Words of Wisdom for AIC Competitors Golat believes that all competitors should feel confident about entering the Arctic Innovation Competition if they have a new innovation to share with the world. Golat explained, “Any product, no matter big or small, is worthwhile to show somebody, because you might have something that’s really good, so don’t be afraid.”
View a short video taken during an interview with Golat on July 20, 2016.
Now in its eighth year, AIC is Alaska’s original idea competition that will award more than $28,000 in cash prizes this year. The competition is free to enter, individuals and teams of all ages may enter, and multiple ideas can be entered. No business plan or prototype is required to enter, although they are recommended.
This year, the competition will feature a new $2,000 prize incentive. Joining the previously established “kicker” or side prizes, the new Recycling Kicker prize will be awarded for the best recycling-related idea. Sponsored by the Fairbanks North Star Borough Recycling Commission, this prize will recognize a new innovation for a product, service, or process that encourages or utilizes the reduction, reuse, and/or recycling of solid wastes.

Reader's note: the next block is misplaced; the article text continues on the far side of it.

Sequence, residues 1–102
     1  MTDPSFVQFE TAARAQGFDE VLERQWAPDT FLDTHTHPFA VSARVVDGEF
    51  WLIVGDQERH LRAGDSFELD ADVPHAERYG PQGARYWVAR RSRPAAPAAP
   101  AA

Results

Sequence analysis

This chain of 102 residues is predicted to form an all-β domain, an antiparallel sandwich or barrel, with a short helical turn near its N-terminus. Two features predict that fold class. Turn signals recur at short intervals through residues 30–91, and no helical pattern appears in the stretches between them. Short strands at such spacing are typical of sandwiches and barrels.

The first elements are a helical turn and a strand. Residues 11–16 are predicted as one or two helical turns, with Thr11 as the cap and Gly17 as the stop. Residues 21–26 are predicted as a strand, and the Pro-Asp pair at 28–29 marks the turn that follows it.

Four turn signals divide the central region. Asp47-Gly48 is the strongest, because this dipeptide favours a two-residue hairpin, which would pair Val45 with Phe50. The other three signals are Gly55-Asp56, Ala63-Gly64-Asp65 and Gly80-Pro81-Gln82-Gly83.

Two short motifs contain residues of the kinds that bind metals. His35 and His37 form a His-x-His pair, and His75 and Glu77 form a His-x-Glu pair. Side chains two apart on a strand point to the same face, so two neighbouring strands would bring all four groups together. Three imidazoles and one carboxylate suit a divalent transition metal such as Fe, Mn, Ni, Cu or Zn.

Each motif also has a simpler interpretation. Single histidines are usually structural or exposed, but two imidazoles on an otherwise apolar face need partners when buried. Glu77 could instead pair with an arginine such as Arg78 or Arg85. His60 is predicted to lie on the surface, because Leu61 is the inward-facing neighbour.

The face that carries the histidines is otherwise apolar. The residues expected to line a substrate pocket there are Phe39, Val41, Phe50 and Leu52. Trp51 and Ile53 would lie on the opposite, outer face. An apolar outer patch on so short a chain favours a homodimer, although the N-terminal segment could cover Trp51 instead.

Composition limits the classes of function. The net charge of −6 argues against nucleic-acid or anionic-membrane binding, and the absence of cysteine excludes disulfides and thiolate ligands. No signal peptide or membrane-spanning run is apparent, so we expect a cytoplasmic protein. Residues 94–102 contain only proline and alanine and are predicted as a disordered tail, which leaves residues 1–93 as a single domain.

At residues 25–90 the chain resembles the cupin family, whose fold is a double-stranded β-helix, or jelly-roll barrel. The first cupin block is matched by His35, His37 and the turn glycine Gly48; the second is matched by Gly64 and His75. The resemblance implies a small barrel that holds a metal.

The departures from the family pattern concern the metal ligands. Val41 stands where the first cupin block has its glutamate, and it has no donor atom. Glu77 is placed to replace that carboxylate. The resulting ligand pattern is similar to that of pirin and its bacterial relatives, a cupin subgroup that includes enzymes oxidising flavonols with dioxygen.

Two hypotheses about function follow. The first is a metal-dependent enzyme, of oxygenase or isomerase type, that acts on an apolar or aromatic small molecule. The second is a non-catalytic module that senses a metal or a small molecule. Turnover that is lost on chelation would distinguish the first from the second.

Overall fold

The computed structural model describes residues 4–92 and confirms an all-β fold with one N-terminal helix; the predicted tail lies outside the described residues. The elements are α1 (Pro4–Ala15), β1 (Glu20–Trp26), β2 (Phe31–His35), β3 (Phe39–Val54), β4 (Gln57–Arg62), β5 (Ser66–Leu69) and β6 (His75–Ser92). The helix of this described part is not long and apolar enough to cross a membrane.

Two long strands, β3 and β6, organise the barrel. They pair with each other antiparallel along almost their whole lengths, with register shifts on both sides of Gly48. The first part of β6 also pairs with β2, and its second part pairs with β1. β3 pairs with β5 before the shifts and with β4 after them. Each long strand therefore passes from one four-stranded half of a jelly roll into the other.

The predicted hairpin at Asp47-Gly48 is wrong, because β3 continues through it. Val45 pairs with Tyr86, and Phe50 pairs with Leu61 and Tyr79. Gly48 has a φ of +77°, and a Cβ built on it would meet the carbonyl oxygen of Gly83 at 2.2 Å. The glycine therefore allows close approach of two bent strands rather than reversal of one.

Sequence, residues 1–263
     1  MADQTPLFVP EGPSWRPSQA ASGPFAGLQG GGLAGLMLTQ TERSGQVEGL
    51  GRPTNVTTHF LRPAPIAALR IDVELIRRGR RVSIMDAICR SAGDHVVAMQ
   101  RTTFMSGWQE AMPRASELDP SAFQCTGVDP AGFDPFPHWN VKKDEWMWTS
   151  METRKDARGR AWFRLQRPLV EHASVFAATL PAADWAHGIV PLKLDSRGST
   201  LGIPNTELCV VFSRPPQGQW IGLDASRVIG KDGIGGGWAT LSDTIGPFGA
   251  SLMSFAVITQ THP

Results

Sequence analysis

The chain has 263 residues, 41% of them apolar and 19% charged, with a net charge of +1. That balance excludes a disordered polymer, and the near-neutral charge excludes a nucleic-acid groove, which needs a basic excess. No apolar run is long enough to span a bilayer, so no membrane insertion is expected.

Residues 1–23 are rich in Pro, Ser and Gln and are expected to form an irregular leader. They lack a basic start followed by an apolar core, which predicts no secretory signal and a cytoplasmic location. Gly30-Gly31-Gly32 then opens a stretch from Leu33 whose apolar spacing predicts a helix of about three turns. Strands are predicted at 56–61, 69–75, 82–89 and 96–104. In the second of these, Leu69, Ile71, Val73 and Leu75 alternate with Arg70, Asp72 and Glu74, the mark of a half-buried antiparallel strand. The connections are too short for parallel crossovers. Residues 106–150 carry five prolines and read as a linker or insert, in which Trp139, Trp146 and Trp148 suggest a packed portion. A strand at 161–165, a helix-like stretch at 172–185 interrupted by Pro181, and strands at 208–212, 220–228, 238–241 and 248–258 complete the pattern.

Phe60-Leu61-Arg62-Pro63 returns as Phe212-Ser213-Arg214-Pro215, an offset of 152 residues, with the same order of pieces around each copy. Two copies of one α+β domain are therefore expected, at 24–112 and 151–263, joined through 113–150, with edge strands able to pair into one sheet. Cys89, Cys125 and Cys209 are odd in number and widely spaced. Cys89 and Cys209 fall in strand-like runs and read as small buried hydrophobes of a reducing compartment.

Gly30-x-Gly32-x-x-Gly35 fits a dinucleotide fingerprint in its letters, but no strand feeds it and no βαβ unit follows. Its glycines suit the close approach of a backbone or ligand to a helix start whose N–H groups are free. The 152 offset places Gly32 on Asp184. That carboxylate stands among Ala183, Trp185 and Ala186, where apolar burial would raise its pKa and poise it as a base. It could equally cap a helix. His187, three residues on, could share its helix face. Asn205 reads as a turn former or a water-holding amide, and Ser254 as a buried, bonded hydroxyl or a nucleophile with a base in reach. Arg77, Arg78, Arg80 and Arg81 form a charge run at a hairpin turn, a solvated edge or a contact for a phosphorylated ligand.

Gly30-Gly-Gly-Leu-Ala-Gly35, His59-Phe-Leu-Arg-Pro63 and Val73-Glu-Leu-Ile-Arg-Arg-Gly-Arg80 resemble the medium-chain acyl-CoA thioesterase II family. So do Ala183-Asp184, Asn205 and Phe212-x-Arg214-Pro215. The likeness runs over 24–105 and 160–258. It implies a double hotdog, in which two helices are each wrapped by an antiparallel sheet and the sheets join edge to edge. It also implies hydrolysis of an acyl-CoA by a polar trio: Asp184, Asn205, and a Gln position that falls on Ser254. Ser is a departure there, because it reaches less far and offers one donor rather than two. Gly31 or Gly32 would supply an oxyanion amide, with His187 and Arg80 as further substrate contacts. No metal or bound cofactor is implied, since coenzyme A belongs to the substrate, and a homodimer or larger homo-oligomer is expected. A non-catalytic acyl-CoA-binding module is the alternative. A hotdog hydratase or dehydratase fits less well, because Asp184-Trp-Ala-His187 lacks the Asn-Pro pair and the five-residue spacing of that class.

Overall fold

The deadline to submit an idea for AIC is 11:59 p.m. AKDT on Friday, September 23, 2016.
The final competition will be held on Saturday, October 22 and all finalists must attend the event to present their ideas for judging.
GCI is an Alaska-based company that delivers communication and technology services to consumers and businesses. They’ve been delivering services for more than 35 years to some of the most remote communities in our state and in some of the most challenging conditions in North America. GCI is proud to be an “Alaska born and raised” company; they’re dedicated to providing Alaskans with the most innovative technologies in order to improve the quality of life for all Alaskans, through education, health care and economic development.
The GCI and SOM Partnership
The UAF School of Management is training Alaska’s future leaders and is an important investment not only for GCI, but also for the state. Recently, GCI has become more involved, becoming a top-level sponsor of SOM’s annual gala, Business Leader of the Year, and participating in the Spring Etiquette Seminar, which provides students with the opportunity to learn valuable lessons about professional conduct from Alaska’s business leaders.
GCI and the UAF Business Leader of the Year As one of Alaska’s largest employers, GCI believes in the importance of developing Alaska’s future business leaders and value the education that SOM provides. Many key business leaders in the Interior and across Alaska are SOM graduates. As an Alaska-based company, GCI understands how crucial it is to attract talented business minds as well as retain those individuals so that they can continue to serve Alaskans for years to come.